The past sits like a scarecrow over Josef Glasl's fields. His family has farmed since 1648, the end of the Thirty Years' War. The sparse soil around his farm has been tilled since the 11th century.
``I feel a responsiblity to my family to farm,'' says Mr. Glasl.
Now, however, that responsibility is threatened. This week President Reagan, at the Venice summit of major free world trading nations, will ask the Europeans and Japanese to endorse the elimination of farm subsidies. Senior administration officials, in briefings before the summit, have stressed that they consider this a prime time to attack the agriculture problem since several officials face elections in the next few weeks. Once the elections are over, they argue, agreements worked out over the next 18 months will not be impeded by campaign considerations.
This year, the European Community will spend about $26 billion supporting their farmers. The US will spend at least $23 billion.
German farmers can get price supports, a reduction in their social security insurance taxes, and a lower tax on buying diesel fuel for their tractors. The Bavarian state government, where almost 10 percent of the population farms, is considering further aid, calling it an ``ecological'' subsidy. Any new subsidy, however, would have to get cleared by Bonn and the EC in Brussels.
In Bavaria, the elimination of subsidies would be especially devastating.
The average farm here is only 35 acres compared with 430 acres in the United States.
About 50 percent of the farms are between 2 to 25 acres, and almost half the farmers are part-timers. The soil is like a thin brown sauce covering a bed of gravel left behind during the ice age. Skies are gray or rainy for over half of the year, leading to a short growing season. Farmers find it is cheaper to buy imported cattle feed from the US than to use Bavarian-grown feed.
If forced to compete against ``factory farms'' in the US or other parts of Europe, Bavarian farmers worry they might soon lose their famous trachten, a short plain pea green coat, that the farmers wear almost like a badge of honor.
To Germans, the prospect of potato farmers losing their farming heritage, makes the problem a social issue. ``It symbolizes their past,'' says a US official in Munich, which is about 16 miles from Hausen.
This is certainly true of Glasl's farm. On 125 acres - 43 of them rented from a neighbor - Glasl grows potatoes, wheat, and barley and fattens bulls before they become schnitzel. His farm blends into the landscape like a postcard. That is the way both he and the Bavarian government want it.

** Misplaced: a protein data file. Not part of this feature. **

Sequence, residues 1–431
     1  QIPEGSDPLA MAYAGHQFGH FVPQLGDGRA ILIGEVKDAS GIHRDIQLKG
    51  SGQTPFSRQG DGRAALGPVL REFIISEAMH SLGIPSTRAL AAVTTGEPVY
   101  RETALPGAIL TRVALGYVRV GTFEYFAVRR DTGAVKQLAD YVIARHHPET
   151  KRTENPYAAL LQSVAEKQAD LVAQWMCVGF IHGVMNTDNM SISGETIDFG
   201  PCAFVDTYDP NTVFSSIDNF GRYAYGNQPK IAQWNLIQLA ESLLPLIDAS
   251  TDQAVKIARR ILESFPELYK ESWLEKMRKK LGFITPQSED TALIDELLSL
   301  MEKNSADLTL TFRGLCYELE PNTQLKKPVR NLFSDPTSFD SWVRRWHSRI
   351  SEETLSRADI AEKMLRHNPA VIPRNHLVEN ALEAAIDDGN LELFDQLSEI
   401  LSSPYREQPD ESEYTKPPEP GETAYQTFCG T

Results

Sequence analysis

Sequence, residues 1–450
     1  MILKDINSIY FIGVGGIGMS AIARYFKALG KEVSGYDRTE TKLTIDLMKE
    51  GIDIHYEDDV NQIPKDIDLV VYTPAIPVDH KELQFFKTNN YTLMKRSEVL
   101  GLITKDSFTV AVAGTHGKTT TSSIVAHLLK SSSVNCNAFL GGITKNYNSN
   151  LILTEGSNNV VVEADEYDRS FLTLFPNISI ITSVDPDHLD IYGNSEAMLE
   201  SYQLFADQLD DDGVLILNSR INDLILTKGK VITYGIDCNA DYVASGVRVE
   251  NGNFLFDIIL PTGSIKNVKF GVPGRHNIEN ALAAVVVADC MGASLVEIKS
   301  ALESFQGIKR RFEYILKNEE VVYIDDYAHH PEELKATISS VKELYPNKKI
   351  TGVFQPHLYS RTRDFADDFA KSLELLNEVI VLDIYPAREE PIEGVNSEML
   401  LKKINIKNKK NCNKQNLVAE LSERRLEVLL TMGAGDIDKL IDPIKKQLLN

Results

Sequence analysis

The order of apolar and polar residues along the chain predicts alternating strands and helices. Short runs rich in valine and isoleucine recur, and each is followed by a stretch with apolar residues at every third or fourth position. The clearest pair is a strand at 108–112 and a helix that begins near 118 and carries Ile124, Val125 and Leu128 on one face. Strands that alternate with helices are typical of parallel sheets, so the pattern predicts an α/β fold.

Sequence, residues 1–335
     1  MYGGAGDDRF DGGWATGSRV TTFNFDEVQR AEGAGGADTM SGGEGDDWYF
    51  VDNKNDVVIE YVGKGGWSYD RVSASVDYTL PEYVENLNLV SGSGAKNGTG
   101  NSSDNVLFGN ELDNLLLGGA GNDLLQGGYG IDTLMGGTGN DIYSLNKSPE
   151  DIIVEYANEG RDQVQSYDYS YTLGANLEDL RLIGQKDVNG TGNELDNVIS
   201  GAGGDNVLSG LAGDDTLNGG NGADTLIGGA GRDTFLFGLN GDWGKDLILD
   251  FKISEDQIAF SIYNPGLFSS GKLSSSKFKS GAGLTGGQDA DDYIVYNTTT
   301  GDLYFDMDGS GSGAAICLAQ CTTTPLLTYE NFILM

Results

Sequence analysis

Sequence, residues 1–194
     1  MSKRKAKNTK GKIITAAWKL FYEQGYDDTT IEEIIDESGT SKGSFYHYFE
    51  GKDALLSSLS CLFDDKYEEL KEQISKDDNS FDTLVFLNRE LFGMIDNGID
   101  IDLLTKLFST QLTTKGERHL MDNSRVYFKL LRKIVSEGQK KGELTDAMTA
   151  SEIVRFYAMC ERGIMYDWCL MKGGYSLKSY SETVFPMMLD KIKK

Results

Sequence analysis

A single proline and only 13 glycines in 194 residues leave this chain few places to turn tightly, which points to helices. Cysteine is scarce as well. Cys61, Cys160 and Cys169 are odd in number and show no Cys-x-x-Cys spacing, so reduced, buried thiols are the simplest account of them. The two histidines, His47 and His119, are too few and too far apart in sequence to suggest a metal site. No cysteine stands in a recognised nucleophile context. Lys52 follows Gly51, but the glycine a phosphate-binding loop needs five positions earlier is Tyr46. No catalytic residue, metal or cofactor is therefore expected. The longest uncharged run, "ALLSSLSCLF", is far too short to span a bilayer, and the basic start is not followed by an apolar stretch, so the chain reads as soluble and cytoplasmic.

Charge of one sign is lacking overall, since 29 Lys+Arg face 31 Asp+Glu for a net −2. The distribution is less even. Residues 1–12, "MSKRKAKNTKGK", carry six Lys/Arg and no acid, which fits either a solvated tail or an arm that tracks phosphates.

``I protect the earth,'' he tells a visitor. Over the decades his family has worked around the trees and streams. ``A factory farmer does not care about such things,'' he says. ``With family farming you treat everything differently.''
Keeping such family farming going here, however, is becoming increasingly difficult. In West Germany as a whole, the number of farms has declined by over 50 percent since the 1960s. In Bavaria, there are 245,000 farms compared with 398,000 in the 1960s.
A short distance from Hausen is Starnberg. In this farming village, not a single farmer has an heir to his farm. This is especially troubling in Bavaria, where traditionally the oldest son would inherit the farm.
This is not to say things are totally hopeless for the farmers. In wheat production, some of the yields per acre are higher than the US. The German farmer is currently working with scientists to improve productivity.
But keeping the farmers politically happy is a challenge. Last April, Bavarian Premier Franz Josef Strauss told the farmers the subsidies might be plowed under. Instead, he suggested a straight income supplement.
The danger for the politicans is alienating the farmers. Franz W"ohrle, a press representative of the Bavarian Farmers Association, says the farmers feel ``punished by the government.''
Farmer Glasl agrees. ``There are others who get subsidies too,'' he says, such as coal miners. ``The farmer should not be the only one to suffer.''